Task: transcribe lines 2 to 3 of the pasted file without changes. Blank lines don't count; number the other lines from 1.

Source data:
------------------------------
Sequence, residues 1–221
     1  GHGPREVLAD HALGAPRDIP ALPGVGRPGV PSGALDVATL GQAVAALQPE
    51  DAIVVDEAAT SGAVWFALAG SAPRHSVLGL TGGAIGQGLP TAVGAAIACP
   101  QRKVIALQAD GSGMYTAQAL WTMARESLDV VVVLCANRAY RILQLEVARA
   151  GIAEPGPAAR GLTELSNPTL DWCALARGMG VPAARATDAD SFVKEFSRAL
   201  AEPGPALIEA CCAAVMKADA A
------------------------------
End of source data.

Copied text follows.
     1  GHGPREVLAD HALGAPRDIP ALPGVGRPGV PSGALDVATL GQAVAALQPE
    51  DAIVVDEAAT SGAVWFALAG SAPRHSVLGL TGGAIGQGLP TAVGAAIACP